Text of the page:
DNF Before Death
Ultrarunning is a curious case of psychology. We run a lot, we train hard, we suffer from an arrogant case of invincibility. Then, there are those rude awakening moments. A tough fall on the trail, a sidelining injury, life interventions, that proves one's ultimate mortality in the midst of such “greatness.”
How do you deal when ultrarunning reminds you of your weaknesses when you thought you were so thoroughly dialed in? The training plan was on point: long runs every weekend, even in the depths of summer. Nutrition? Got it covered. Gear? Never had so much. Advice? Listened to all of it, absorbed and adhered to some of it. Thoroughly set up for ultrarunning success.
I’ve run. A lot. And I’ve raced a lot. When I was a bit younger, I ran 9 100 milers in 2 ½ years, racking up a win and placing in another, along with several more ultra distance races and the occasional dreaded road marathon. I loved every minute of it. I was good at it, however mediocre in Ultrasignup rankings, but I didn’t care. And I loved the community. I made some lifelong friends during this time that I would have never met without those experiences.
And as it tends to do, life intervened.
I moved to Arkansas, where training in the summer is nothing short of psychological trial. I started grad school. Work got busy. Priorities had to shift. And before I knew it, four years had gone by.
Last Horse Runners was formed in 2017 by four of us who connected over a shared love of the Arkansas Traveller 100. With 2 AT100 finishes under my belt, I knew I wanted to get back out there. When? Not sure yet. But yes, let’s do it.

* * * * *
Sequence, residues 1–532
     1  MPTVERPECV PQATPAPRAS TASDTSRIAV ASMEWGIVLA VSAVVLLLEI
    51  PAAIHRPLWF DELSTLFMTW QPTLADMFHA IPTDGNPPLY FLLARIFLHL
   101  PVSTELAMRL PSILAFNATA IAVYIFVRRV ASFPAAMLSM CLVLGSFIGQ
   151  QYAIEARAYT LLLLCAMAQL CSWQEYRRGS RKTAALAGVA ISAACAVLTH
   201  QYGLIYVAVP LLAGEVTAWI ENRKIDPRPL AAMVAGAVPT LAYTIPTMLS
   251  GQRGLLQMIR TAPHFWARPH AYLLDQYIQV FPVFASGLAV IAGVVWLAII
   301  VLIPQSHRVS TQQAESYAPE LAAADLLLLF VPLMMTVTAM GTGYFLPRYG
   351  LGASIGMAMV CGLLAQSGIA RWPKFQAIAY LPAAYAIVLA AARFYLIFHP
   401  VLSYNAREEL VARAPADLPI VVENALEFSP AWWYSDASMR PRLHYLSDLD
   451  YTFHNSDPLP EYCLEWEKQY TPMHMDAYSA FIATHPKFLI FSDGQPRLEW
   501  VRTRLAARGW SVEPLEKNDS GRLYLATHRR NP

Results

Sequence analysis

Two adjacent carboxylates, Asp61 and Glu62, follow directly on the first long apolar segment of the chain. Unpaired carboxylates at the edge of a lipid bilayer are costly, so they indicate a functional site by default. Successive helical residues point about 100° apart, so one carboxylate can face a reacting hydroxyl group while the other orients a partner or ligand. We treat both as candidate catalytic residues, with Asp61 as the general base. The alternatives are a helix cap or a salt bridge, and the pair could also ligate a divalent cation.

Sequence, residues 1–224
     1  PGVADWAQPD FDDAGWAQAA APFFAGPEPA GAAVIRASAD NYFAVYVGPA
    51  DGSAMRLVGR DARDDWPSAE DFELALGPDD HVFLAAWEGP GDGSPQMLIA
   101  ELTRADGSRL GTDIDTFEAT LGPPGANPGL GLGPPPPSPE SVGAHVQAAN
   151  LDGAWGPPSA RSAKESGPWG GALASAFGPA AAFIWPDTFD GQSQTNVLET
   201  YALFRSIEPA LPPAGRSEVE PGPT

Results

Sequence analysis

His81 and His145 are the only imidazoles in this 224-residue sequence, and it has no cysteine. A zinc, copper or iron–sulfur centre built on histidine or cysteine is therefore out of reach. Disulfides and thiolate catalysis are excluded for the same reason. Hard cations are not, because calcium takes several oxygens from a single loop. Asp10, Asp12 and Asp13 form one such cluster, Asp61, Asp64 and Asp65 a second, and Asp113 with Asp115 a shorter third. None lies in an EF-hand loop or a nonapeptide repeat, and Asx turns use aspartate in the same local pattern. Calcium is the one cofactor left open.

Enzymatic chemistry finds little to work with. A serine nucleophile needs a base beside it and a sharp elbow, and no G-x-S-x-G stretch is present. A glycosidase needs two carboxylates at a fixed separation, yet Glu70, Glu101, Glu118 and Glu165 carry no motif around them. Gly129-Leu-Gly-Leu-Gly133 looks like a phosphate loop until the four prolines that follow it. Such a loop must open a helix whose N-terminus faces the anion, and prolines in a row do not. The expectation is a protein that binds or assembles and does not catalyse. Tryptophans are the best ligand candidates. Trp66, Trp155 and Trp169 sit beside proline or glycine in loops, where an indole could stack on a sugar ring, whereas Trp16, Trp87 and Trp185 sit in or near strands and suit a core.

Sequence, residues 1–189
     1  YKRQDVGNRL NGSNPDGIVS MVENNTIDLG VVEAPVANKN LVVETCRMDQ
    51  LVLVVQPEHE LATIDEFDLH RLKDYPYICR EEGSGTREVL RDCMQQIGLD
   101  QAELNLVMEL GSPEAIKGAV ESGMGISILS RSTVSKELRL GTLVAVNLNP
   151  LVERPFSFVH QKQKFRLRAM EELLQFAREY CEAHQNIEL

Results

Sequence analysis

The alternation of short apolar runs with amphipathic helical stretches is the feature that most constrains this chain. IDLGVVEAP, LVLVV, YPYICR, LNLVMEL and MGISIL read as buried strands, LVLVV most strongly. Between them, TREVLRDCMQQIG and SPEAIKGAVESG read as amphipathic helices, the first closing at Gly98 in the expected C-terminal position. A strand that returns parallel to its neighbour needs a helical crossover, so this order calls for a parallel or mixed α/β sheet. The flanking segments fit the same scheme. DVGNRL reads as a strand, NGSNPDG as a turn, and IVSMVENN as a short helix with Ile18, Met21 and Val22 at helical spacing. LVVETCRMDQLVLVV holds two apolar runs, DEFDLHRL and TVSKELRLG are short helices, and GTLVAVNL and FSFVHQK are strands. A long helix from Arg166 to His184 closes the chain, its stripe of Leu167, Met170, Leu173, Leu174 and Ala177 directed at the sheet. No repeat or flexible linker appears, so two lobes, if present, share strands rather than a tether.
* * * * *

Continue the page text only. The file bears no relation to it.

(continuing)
Signed up - the fun part, right? Now we have to train.
When I last ran Traveller in 2014, I was coming off a year’s worth of training for Western States. Mountain runs, combined with back to back long runs, heat training, you name it. I was ready. I ran my best Traveller that year. Signing up for Traveller in 2018 without ready access to the Canyons, I knew I had my work cut out for me. Believe me when I say that I put the work in. But also believe me when I say that I wondered, both privately and annoyingly in the LHR group text, whether it would be enough.
I’ll spare you the gruesome details. But suffice to say this:
Shit happens. The DNF is something that you have to accept as a possibility when you toe the line. And if your ego doesn’t allow for that possibility, you need to reconsider why you’re out there.
I don’t say this offering any type of excuses. Running is hard and ultrarunning is an incredibly painful and hard sport. Quitting is not okay, but accepting when it’s not your day, when you’re injured, when you’ve been bested, and moving on from it, is part of the job.
As someone who has experienced both incredible highs and the lowest of lows in the sport, believe me when I say that moving on is a learned skill. We, as runners, get so wrapped up in the identity of being a damn good runner, that any threat to that identity is a tough pill to swallow.
I personally suffer from this ailment greatly. What does this say about where I am right now? I was so good at this for awhile, and now I’ve been beaten by the very trails I essentially grew up on.
Here is what I learned:
Take a step back. Reassess. I’ve done this before, I can do it again. One bad day, one setback, one race, it’s just that: one.
How can I learn from this?
How can I apply this information to become better?
What ultimately did me in so that I can avoid mistakes in the future?
Discouragement is inevitable. But we do this because it’s fun right?
If you’re not having fun, why are you out there?
Learn to love the journey. Focus on the fun, the friends, the laughs shared and the miles under your feet. We’re better for the lessons we’ve learned.